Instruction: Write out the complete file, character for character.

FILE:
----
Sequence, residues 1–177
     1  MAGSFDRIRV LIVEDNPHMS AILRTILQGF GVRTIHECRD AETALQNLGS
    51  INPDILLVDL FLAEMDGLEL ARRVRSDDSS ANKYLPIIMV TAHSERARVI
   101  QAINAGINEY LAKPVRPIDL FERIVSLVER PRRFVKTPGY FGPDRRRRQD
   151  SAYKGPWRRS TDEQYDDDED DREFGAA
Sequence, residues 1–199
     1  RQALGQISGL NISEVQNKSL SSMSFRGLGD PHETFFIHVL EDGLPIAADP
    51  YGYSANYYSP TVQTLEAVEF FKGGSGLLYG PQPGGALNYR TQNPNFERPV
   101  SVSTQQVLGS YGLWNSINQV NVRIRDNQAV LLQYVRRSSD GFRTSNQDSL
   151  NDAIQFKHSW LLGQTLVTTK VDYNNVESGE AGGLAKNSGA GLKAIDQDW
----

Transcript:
Sequence, residues 1–177
     1  MAGSFDRIRV LIVEDNPHMS AILRTILQGF GVRTIHECRD AETALQNLGS
    51  INPDILLVDL FLAEMDGLEL ARRVRSDDSS ANKYLPIIMV TAHSERARVI
   101  QAINAGINEY LAKPVRPIDL FERIVSLVER PRRFVKTPGY FGPDRRRRQD
   151  SAYKGPWRRS TDEQYDDDED DREFGAA
Sequence, residues 1–199
     1  RQALGQISGL NISEVQNKSL SSMSFRGLGD PHETFFIHVL EDGLPIAADP
    51  YGYSANYYSP TVQTLEAVEF FKGGSGLLYG PQPGGALNYR TQNPNFERPV
   101  SVSTQQVLGS YGLWNSINQV NVRIRDNQAV LLQYVRRSSD GFRTSNQDSL
   151  NDAIQFKHSW LLGQTLVTTK VDYNNVESGE AGGLAKNSGA GLKAIDQDW